I have spoken to a couple of different people about these two concepts and have found some pretty interesting schools of thought. Some people believe that these two concepts can coexist. To an extent, I agree. In my opinion, it seems that we can still be individuals while simultaneously engaging within a community setting. For example, living in countries that promote freedom like Canada, the United States, or Holland, you have the choice to be whoever you want to be. You choose your lifestyle and the people you have around you. What do these countries have in common? They are all democratic which means people vote on what they think is right and for the benefit of their country/community. Even in this sense there seems to be underlying individualism going on because you vote on the way YOU think. Then based on the number of votes that is what the community does. We as a community are made up as individuals with different backgrounds, different thoughts and we all want what is best for our community for the most part but, to me, it seems odd to have these ideas as opposing views. Maybe I am misunderstanding the argument.
However, there does seem to be a connection with the two. I feel like you cannot have one without the other. In a way, individuality and community have to be perfectly balanced. When it comes to the political thought throughout history there is a mixed tradition. I would even make the argument that Emerson had to have some sort community concept to be able to be an individual. He says to be true to yourself but there are always going to be people that assimilate to the society norm. This does not take anything away from being an individual. It just means that, as an individual, you subscribe to and share certain thoughts and things that other people do as well.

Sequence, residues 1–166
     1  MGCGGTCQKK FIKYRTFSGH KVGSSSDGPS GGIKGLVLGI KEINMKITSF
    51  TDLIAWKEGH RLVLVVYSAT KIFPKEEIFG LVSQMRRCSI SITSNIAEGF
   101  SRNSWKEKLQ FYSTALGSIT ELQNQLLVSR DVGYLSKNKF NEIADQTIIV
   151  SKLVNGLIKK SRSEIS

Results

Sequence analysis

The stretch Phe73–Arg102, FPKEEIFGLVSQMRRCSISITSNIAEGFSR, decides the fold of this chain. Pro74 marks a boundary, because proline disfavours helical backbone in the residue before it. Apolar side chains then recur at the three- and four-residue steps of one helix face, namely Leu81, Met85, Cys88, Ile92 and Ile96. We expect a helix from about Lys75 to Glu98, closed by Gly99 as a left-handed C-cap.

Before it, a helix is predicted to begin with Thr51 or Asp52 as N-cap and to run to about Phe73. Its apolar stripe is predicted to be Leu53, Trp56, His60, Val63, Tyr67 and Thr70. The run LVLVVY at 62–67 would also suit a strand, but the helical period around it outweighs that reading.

I found myself asking this question: If everyone was an individual and freely expressing themselves and staying true to who they are, would there be similarities? If so, would the bonding over these similarities blend into communities of people? My argument is that there would have to be. That is why American political thought has to be a mixed tradition because it seems impossible to have one or the other. When analyzing the things that we have read in class I can always find hints and notions of either community or individualism. There does not seem to be a line drawn in the sand. One concept always seem exists when the other is present. When it comes to political thought, I believe that the only way to look at it is through a mixed perspective. It cannot be comprehended or defined as either Individualistic or Community.
When looking through a mixed lens, there are two different arguments: Socialism and Nativism. I find myself favoring the socialist side of the of the mixed lens but I can see that Nativism shares some similarities. When you look closely at the two opposing sides (socialism and nativism) there is the similarity of class and racism. There are groups of people who are treated as second class citizens and usually race has a lot to do with that. This is where I see the connection with the two. So in summary, I believe that these should not be two separate arguments, but rather one school of thought with minor differences.